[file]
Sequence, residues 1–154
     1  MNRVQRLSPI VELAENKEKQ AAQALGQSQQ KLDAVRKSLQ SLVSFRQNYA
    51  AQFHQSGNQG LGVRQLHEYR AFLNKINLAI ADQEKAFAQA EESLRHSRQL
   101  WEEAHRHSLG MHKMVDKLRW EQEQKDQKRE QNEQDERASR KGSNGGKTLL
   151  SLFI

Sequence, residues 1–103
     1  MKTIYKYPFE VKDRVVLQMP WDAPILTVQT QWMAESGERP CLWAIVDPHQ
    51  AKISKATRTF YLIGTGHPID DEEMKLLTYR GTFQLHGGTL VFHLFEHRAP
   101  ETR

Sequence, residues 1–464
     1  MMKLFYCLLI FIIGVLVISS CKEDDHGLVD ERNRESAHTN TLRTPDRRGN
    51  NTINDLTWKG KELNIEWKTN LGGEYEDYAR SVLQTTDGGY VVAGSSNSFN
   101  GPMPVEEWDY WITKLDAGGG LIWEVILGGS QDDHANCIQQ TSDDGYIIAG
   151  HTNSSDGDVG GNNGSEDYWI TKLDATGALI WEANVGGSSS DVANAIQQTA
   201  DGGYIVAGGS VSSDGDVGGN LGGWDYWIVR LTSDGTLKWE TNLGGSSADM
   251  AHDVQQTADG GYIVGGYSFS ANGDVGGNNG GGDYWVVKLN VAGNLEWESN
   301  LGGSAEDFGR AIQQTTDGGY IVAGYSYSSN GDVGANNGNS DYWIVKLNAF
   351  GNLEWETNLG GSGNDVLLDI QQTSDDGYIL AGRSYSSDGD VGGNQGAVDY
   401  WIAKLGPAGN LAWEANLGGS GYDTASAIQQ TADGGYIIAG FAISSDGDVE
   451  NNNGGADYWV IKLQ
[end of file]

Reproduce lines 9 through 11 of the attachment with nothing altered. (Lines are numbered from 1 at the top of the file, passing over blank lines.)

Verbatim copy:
   101  ETR

Sequence, residues 1–464
     1  MMKLFYCLLI FIIGVLVISS CKEDDHGLVD ERNRESAHTN TLRTPDRRGN